So now that I've FINALLY been allowed to leave a comment on a bushfire news story since Sokaluk was arrested, let me just say this: Isn't it interesting that he was caught with "child pornography" on his computer? What was it, a Simpsons cartoon as well? The whole thing stinks of media railroading: Let's make him into a paedophile to make sure he gets found guilty, and lets make sure nobody can publicly comment about this strange coincidence! After all, Terrorism and Paedophilia are the current tools of statecraft in the politics of fear. And now, it seems, so is the selective allowing of the Australian public to air their views through the news channels.

    If anyone should be hanged, it's the bastards controlling the mainstream Australian media.
    anonymous
  • Finally, they take some responsibility

    There is a lesson for new media operators here. The websites (Facebook, Myspace) were finally held to account - and could still face harsh penalties - for allowing illegal material to be published. They should have screened the comments, which major media outlets have done for some time.

    The same should go for P2P operators who allow works breaching the law (copyright infringements, illicit material) to be published.

    Just because `it's technology', it doesn't excuse publishers from responsibility.
    anonymous
  • Are you serious?

    Firstly I agree with Steve Roper. Our media is a complete joke determined on spewing out patriotic manipulative crap. I doubt people even remember that news is objective (supposedly) while A Current Affair and TodayTonight have already made their decision on what they want the public to think. I wouldn't be surprised if the 'child porn' thing was completely blown out of proportion. As you said terrorism is tool also used by our government to enforce more power to themselves and cut the rights and freedoms of the public through scare tactics.

    To the Devil's advocate I have to say I don't agree at all. It would be impossible for Facebook and MySpace to screen every comment before posted. Anyone with half an idea of the size of these social network sites would understand this. Why should they be held accountable for what the general public has written. They have done the right thing by cooperation with Police while still trying to protect the rights of Freedom.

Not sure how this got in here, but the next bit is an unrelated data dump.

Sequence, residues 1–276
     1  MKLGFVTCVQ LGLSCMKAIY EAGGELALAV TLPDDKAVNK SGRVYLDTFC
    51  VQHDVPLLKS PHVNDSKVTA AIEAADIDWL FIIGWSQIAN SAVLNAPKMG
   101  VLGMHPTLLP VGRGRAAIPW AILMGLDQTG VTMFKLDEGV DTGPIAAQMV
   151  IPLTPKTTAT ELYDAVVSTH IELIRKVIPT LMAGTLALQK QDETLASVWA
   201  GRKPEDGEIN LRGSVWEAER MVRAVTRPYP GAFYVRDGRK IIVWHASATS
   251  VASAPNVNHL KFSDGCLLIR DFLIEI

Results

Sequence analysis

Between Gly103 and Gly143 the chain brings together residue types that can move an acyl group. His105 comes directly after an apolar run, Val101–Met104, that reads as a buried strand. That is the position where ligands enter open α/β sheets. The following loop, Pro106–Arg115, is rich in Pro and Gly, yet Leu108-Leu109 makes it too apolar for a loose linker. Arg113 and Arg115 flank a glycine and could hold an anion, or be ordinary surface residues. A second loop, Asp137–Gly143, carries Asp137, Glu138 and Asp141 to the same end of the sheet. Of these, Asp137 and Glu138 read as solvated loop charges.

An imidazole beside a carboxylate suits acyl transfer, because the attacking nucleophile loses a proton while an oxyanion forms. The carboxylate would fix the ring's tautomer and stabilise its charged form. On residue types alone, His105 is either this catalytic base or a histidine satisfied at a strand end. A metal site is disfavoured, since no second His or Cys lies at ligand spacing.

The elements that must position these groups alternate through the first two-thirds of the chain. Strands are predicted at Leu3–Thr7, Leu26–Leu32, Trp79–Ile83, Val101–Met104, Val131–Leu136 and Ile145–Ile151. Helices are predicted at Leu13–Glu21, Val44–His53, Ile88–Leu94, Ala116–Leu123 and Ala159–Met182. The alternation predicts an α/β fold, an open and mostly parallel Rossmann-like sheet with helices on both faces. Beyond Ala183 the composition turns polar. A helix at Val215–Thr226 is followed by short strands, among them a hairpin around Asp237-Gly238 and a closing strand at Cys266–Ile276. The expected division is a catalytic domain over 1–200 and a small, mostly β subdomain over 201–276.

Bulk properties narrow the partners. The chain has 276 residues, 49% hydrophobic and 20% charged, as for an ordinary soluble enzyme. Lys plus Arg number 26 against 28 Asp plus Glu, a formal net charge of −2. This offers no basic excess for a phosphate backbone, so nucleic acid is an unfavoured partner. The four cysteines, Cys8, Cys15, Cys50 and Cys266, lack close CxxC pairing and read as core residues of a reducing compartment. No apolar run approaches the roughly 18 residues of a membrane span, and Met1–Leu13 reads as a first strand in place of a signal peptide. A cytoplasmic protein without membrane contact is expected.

As for P2P software companies, they have merely created software which allows you to share files. Because you share the DVD/CD you just ripped is that their fault?
    anonymous
  • Not practical

    The whole idea of "peer-to-peer" is that there IS NO central "operator" who can "allow" or "not allow" anything. Sure, there's people writing the software, but all the P2P networks are largely compatible and so if you take down one program, three more pop up in it's place.

    Also, did you know there is currently around 175 million active members of facebook? There are 850 million photos uploaded to the site EVERY MONTH. How is it practical for anybody to filter that?

    See: http://www.facebook.com/press/info.php?statistics

    News outlets have it easy. They've got a couple dozen or so news stories a day, and maybe a thousand comments total (if you look at the abc website, for example). Notice how most new outlets have a "flag comment" (even this website does) link? Essentially, they're relying on the public to screen them.
    anonymous
  • Censorship?

    Censorship doesn't solve anything.
    Supporting censorship as in the filters that aus gov want to implement is just gonna be same as what the Chinese government is currently doing to their citizens.

    Also illicit material only is illicit depending on the person reading it. Therefore how can you determine whats illicit and whats not?
    People keep saying porno is illicit, however in some cultures sexual acts is considered as being good.
    anonymous
  • www.sbs.com.au

    http://www.sbs.com.au/news allows comments on all its stories
    anonymous
  • P2P

    There's no doubt that something needed to be done when family members were starting to be threatened. But it's hard, almost impossible to pinpoint the source of this problem. Steve Roper's, "media conspiracy" definitely raised a few eyebrows but can we really blame the media for reporting the news in a way that stirs the most conversation? Even if it were the infamous "bart shows his weiner" scene. That's something news stations have been doing since the early beginnings. Should we blame the publishers for not monitoring every single thing that is passed through a "social networking" community while honoring privacy agreements and maintaining a non-''Big Brother" reputation.
    For more, check out my blog that I'm working on for a school assignment,
    http://tinyurl.com/cpe5me
    I would be stoked if some of these ideas could be introduced, enjoy reading you're thoughts
    anonymous